BP Gibson and advocates outline health disparities faced by people of transgender experience in the Bronx, and encourage New Yorkers to get tested for HIV
On Monday, April 18, Bronx Borough President Vanessa L. Gibson and Amida Care, a not-for-profit New York community health plan, were joined by advocates and health care providers at Destination Tomorrow in the Bronx to recognize National Transgender HIV Testing Day. The event highlighted the health disparities faced by people of transgender experience in the Bronx, and encouraged Bronxites to get tested, and learn about HIV prevention and treatment. Borough President Gibson issued a proclamation declaring April 18 as National Transgender HIV Testing Day in the Bronx and announced the relaunch of the Bronx LGBTQIA+ Taskforce.
“As Bronx Borough President, I am committed and dedicated to reducing the spread of HIV in our transgender community, and to making sure our brothers and sisters who are living with HIV continue to receive the quality, patient-centered care they deserve – regardless of their gender identity,” said Bronx Borough President Vanessa L. Gibson. “That is why today, I am issuing a Proclamation declaring April 18th as National Transgender HIV Testing Day in the Boogie Down Bronx, and announcing the relaunch of the Bronx Borough President’s LGBTQIA+ Task Force. Our goal with this Task Force is to bring together experts, advocates, and community partners to take a holistic approach to supporting and uplifting our Bronx LGBTQIA+ community. We cannot and will not do this work alone, and I am thankful to Amida Care, Essen Health Care, Destination Tomorrow and all of our other partners that joined us today to combat this epidemic and stand with our TGNC community.”
The trans community continues to be disproportionately impacted by HIV. Transgender women are estimated to be 49 times more likely to be living with HIV compared to the general population. Additionally, the Bronx had the second highest number of new HIV diagnoses in 2020, and the highest percentage of HIV deaths. Due to the COVID-19 pandemic, HIV testing slowed dramatically—HIV testing in New York conducted through AIDS Institute-funded sites averaged well over 2,500 tests per month in 2019. But that tally dipped below 500 tests per month in April 2020 and did not reach 2,000 tests in any given month through June 2021.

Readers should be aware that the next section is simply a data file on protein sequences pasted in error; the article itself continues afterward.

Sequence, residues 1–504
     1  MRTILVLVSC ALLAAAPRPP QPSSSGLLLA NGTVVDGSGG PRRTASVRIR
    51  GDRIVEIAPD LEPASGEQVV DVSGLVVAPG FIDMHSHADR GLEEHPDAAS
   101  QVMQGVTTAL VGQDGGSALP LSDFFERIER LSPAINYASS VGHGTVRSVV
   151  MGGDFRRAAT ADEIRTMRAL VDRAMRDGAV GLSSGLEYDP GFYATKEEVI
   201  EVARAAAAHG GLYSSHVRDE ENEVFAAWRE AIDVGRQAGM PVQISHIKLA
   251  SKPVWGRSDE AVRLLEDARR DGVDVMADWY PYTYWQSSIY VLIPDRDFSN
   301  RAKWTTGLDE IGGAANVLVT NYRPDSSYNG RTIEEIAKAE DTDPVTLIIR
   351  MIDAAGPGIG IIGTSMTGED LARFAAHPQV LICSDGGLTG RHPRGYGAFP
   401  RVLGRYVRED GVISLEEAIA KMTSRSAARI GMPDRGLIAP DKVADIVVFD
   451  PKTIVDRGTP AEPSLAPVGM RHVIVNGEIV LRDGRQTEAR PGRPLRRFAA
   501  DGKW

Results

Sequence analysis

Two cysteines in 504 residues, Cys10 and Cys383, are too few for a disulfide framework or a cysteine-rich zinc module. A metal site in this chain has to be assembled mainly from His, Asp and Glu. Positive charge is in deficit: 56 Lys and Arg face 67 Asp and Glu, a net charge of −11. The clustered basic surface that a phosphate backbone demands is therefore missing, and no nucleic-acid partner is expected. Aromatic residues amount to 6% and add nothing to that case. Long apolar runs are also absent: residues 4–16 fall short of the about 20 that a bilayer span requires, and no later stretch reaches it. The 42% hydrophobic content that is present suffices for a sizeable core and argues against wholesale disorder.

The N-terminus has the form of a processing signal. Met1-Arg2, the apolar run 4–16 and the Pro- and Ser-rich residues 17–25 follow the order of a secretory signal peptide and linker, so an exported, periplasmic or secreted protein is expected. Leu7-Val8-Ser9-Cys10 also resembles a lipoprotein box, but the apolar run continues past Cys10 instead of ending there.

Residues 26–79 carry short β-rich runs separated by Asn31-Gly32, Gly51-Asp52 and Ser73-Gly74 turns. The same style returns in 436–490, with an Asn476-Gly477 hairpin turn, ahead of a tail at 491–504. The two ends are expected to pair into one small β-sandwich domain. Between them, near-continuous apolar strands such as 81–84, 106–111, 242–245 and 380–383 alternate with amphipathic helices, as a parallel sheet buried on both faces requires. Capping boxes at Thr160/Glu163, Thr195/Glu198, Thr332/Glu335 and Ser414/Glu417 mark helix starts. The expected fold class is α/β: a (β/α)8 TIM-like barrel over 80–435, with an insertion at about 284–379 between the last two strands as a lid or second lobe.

“We are proud to be here on National Transgender HIV Testing Day to celebrate the progress we’ve made towards ending the HIV in New York, and call for a renewed focus on communities that continue to be disproportionately impacted by the epidemic. Sadly, the Bronx continues to have the highest rate of HIV deaths in New York City, and New Yorkers of transgender experience – particularly trans women of color – are more likely to be living with HIV than the general population. We’re encouraging everyone to get tested and learn your status, so you can live your healthiest life and ensure you aren’t passing HIV on to others,” said Sandrine Blake, Assistant Director of Member Events, Amida Care.
Almost half (43%) of Amida Care’s members are Bronx residents, and more than 20% of their members are people of transgender experience. Amida Care’s viral suppression rate amongst their HIV-positive transgender population is at 94%, which is well above the national averages.
“I remember growing up and the first thing I learned about what it meant to be gay, what it meant to be trans, was that you were diseased, and you were wrong and unworthy. It took me 28 years, but I can finally stand here today and tell my community: we’re not diseased, we’re worthy. I am enough. You are enough. We’re all enough,” said Mimi Shelton, Director of Trans Initiatives at Destination Tomorrow. “We’re not only enough, but we’re worthy of proper care, as well as access to intervention and prevention services for HIV. We’re worthy, not only of people’s tolerance, but of their acceptance.”
“It’s important to find out your status so we can start treatment. Testing is just the first step,” said Dr. Binu Kuriakose, Medical Director, Urgent Care, Essen Health Care. “We’ve come a long way from when HIV was first discovered. Now, if you find out your status early, we can offer treatment and everyone is able to live a long, healthy life. Our goal is access to care. Please come to our sites. Please get tested and find out your status. Let us help you so we can reduce HIV transmission in the Bronx.”
“The HIV epidemic has taken a disproportionate toll on people of color, particularly trans women of color. In 2019, transgender women of color accounted for 91% of new HIV diagnoses among transgender women in New York City. The first step to addressing these disparities is for people to get tested,” said Lailani Muniz, Bronx resident, community activist, and Amida Care member. “I’ve been living with HIV for 16 years, and I’ve been undetectable for 16 years. I want people to know that if you’re living with HIV, you can take medication to become undetectable and live your healthiest life like me.”